Looking over my life’s work, which involves some time and a distressing amount of dusting, I find that I have never paused to talk about Extra-Illustration. You will not often, nowadays, find a book advertised as Extra-Illustrated, but it does crop up once in a great while in a rare book catalog. An Extra-Illustrated book is one with extra illustrations. Now what shall we talk about?
No, it isn’t that deluxe edition which comes with an extra print signed by the artist, nor is it that copy of Exciting History Lessons where you used the margins to draw hot rods or airplanes in combat or a portrait of your teacher with a wart on her nose and a cigarette behind her ear. Extra-Illustration was an art form all its own, which flourished, by fits and starts, in the eighteenth and nineteenth centuries.
What you need to do to extra-illustrate a book is take a book, illustrated or not, pull it apart, and then put it back together, adding prints or photographs or documents or anything else that seems to you to fit the text. Anybody who owns a book can do this, and people have been doing it for as long as there have been books.
The first great fad for it is blamed on James Granger, writer and print collector, who published a biographical history of England in 1769. This came completely unillustrated, but as a man who knew about prints, he published a list of good portraits of the people covered in his book. People ran around buying up the prints, or, even better, buying up cheap copies of other books which had illustrations, cutting out the pictures, and binding them into their copy of Granger’s book. Publishers jumped at the craze, publishing books which were nothing but collections of prints to be taken out and inserted into your copy of Granger. (The process rapidly became known as “grangerizing”.)
Adding so many pictures necessitated a bit of special binding. The Folger Library boasts a copy of the original 2 volume edition which has been expanded to 29 volumes. Every grangerized book is, of course, unique, and they can now sell for a goodly amount to people who hope to find a rare or otherwise unknown print hiding inside.
People who got the taste for grangerizing could not be contented with just Granger’s book, of course. Any volume or set of history or biography was fair game (book buyers complained that the prices of illustrated history books were shooting up because of the demand from people who wanted to cut them up to illustrate other history books.) These books allowed for a variety of portraits and landscapes, but once the craze moved to literature, the possibilities were endless. Small pamphlets could be augmented, vast sets could be made vaster.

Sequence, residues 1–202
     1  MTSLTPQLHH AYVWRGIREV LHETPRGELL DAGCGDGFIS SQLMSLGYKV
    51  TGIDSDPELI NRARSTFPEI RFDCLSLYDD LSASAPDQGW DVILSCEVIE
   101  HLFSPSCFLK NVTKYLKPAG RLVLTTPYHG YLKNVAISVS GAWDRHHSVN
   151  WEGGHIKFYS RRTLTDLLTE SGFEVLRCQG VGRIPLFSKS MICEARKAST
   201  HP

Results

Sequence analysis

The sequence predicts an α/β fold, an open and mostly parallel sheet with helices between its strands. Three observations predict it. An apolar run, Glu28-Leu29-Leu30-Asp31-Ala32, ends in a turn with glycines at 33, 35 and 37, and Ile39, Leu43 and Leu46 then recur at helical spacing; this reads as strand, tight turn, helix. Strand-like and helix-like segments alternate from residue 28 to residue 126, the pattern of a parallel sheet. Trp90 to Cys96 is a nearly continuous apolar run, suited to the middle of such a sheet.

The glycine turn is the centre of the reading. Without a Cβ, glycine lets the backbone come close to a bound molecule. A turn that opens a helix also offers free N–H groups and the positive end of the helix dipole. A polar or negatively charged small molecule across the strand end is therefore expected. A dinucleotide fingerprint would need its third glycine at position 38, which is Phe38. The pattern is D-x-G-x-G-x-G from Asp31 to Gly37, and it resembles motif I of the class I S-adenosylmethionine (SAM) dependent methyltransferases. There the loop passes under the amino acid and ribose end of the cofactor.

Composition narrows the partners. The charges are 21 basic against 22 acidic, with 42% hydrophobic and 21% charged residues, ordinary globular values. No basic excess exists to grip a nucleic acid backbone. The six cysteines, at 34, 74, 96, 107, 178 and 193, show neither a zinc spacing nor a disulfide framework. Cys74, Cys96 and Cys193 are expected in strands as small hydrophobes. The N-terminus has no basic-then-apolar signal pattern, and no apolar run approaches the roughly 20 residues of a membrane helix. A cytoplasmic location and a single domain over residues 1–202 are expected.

A few publishers took sets of books they were already publishing and prepared special collectible editions by extra-illustrating them. In one of my previous book-piling jobs, I got to handle a set of Nicolay and Hay’s Abraham Lincoln, which runs to ten volumes anyhow, which had been expanded to thirty volumes by the publisher, who had extra-illustrated it with, among other things, an encapsulated Confederate twenty dollar bill and a document signed by Lincoln named Mr. Thusandsuch to be Postmaster of Thenandthere. No one has donated a similar set to the Book Fair so far, but that’s why I leave the light on at night.
It was a way of personalizing your books, if you had the time and the money. I suspect a lot of people ran out of one or the other, or just steam, and that some of these old books I get with pictures stuffed in the back were GOING to be extra-illustrated when the owner got around to it. Then, too, people decided the prints could be framed and stand out on their own, after all the work that had gone into finding them. People turned to collecting matchbooks or stamps, and grangerizing fell out of the spotlight somewhere around World War I.
But these things never do quite go away, as I once noted about flower language. Scrapbooking moved into the public eye a dozen years ago, and that’s not so far removed from the idea. In fact, I see there’s a how to guide on how to extra-illustrate your books available on Amazon even as we speak. So we may be in for another round of artificially-fattened texts.
Anyway, it’s one more thing you just can’t do on a Kindle, Nook, or Noodle.